An Update from A(broad)

After a wonderful fall semester spent in Southern California, I have finally arrived in the beautiful village of Ballyvaughan, Co. Clare, Ireland as a student of the Burren College of Art. I’ll be drawing, painting, and adventuring my way well through April here, and will probably traveling for some time after that.

Before I get into anything else, though, let me just tell you this – Ireland is incredible.

One of the horses by our house here in Ballyvaughan.

Whatever you may have seen or heard of Ireland from books and postcards could not possibly do this place justice. This is something that needs to be experienced – the fresh air, “soft” days, the lingering scent of cows and horses, unique landscape littered with old stone walls, the remarkably still and starry nights. I have never felt such a connection with the land before coming here. Needless to say, it hasn’t take me long to settle.

Our beautiful house, shared by six BCA students (Owen, Cameron, Hannah, Mandy, Meghann, and I).

The village dog leading me up the path towards the Burren College of Art.

Having been here for the better part of a month already, and with the help of plenty personal expeditions and numerous school-led excursions (including tours of the Burren, fairy forts/trees, old castles, and the remarkable phenomena of turloughs), I have gotten a chance to essentially get the lay of the land (and also to befriend many of the local dogs and horses under the coaxing of the irresistible Jacob’s digestive biscuits).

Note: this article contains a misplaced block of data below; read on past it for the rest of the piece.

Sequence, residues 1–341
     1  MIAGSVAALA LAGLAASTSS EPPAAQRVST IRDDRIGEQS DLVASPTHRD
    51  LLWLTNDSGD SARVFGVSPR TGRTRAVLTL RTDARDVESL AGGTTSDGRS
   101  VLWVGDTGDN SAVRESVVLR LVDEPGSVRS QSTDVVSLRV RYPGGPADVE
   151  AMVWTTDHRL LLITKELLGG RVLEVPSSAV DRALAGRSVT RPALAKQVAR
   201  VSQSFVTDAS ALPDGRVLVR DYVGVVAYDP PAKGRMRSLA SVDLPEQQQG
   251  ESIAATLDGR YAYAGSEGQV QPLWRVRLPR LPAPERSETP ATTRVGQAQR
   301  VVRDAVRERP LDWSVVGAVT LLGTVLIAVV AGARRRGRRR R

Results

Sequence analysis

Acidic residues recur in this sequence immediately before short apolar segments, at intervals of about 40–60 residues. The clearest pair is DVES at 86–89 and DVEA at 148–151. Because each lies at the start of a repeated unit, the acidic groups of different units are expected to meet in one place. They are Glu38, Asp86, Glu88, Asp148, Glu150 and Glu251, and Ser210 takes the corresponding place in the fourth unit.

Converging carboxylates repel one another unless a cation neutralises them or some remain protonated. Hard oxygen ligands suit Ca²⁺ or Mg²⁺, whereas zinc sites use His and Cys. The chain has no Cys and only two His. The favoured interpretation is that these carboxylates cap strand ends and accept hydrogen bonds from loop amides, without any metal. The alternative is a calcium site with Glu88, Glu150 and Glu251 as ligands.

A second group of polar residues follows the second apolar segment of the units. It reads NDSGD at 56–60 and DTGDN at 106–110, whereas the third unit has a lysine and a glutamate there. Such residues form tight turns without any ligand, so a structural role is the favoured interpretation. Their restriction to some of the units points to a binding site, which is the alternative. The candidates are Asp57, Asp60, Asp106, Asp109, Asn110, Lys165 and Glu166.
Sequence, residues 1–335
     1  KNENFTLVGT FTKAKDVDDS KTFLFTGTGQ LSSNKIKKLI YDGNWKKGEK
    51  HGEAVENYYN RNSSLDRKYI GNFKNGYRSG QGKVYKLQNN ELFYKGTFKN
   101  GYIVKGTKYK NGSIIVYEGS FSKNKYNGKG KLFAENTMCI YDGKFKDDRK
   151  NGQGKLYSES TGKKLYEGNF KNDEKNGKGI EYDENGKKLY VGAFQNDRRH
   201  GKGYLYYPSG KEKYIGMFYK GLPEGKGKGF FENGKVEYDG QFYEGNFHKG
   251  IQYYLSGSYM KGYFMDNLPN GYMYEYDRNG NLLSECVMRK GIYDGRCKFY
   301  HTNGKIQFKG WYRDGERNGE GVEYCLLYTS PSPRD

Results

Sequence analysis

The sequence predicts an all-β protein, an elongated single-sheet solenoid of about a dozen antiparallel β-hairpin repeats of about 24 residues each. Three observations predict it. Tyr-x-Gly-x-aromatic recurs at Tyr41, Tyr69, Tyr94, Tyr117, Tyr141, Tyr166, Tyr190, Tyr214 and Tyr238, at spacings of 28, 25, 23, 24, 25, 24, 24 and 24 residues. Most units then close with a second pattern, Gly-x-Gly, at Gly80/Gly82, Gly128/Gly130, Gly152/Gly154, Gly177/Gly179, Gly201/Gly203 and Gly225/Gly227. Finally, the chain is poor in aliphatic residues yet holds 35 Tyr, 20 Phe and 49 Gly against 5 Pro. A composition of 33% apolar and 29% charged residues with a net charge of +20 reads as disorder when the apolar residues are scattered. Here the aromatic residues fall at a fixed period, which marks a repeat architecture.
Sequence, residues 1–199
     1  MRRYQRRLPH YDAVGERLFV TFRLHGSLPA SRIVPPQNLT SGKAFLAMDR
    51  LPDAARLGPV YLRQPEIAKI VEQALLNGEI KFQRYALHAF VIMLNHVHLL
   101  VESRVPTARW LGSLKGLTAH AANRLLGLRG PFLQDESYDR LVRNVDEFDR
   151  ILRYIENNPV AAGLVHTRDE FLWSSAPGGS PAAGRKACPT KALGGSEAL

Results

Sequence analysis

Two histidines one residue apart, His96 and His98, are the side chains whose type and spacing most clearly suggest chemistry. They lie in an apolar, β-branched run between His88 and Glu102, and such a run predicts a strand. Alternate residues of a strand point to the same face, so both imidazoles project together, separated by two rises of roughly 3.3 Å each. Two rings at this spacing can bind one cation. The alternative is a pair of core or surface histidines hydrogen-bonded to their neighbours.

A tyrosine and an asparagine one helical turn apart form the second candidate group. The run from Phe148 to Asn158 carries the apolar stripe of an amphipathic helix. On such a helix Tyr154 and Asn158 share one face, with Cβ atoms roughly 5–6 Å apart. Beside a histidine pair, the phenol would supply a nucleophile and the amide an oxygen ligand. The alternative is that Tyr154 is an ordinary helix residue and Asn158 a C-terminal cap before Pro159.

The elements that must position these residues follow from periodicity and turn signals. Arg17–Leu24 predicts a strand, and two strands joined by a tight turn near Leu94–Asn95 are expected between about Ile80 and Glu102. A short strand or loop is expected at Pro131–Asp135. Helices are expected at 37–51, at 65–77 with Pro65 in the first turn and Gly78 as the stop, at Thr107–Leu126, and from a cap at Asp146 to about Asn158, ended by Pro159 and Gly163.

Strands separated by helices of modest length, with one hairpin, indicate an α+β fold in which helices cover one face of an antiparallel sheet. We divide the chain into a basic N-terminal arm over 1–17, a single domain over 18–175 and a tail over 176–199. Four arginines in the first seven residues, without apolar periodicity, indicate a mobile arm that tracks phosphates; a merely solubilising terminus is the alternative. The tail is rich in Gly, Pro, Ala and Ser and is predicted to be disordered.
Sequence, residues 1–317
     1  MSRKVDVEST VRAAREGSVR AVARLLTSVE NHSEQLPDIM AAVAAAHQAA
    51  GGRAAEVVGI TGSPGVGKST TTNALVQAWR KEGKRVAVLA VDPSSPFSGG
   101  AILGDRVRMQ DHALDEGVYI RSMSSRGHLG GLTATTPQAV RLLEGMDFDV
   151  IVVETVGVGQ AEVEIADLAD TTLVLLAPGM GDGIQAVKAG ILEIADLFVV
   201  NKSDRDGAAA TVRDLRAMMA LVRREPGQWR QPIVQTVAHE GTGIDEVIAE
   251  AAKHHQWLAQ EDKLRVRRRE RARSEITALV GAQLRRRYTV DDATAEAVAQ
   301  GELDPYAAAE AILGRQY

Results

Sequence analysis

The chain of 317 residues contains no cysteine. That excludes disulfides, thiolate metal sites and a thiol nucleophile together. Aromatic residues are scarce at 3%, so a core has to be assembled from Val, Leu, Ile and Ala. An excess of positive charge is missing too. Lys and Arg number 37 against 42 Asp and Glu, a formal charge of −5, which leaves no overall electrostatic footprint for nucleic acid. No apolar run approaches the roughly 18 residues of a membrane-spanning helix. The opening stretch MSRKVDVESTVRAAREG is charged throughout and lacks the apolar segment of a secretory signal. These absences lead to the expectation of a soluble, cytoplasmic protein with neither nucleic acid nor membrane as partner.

Though mostly American, the students are from a variety of art schools from the States. I once again have the unique opportunity to learn a little bit from everyone. So far, working beside illustration, paper-making, and book-making majors (just to name a few) has provided me with some excellent exposure into other disciplines. I am also fortunate enough to have an excellent set of housemates with a ready supply of great music, plenty of laughs, and loads of delicious vegan cooking.

Curious cattle, checking out my sketchbook.

Needless to say, though, I have had no shortage of things to draw. Somewhere between the old Irish men gathered at Logues Lodge in the evening, the cattle that graze by the school, the hundreds of beautiful bottles at O’Loclainn’s Irish Whiskey Bar, our excellent model for Life Drawing, Top Cat (the school’s resident cat), and plenty more, I have already finished one sketchbook, am well into my second, and am currently binding my third.

My studio at the present moment. Two canvases, each roughly seven feet square.

Speaking of artworks, I have taken the opportunity of this extended period of time with a sizable studio space to jump straight back into my fellowship work (on comparing prize fighting in the 1920’s to dog fighting in the Middle East today). Though still obviously in their earliest stages, I have used the space to my advantage, and have begun my biggest works yet (two paintings nearly seven feet square each). While the task is certainly daunting, I am excited to be working on such large canvases – especially for this series.

All in all, I am thoroughly enjoying my time here thus far, and am thrilled with the beautiful environment and the relaxed, yet supportive attitude of the school and its students. I am delighted to be here, and will posting further adventures in the near future.

A night shot of our studio, affectionately called "the fishbowl" for obvious reasons.

“This is a cry of hunger for experience in the deep and fulfilling sense of the word.” – Journal of a Solitude, May Sarton

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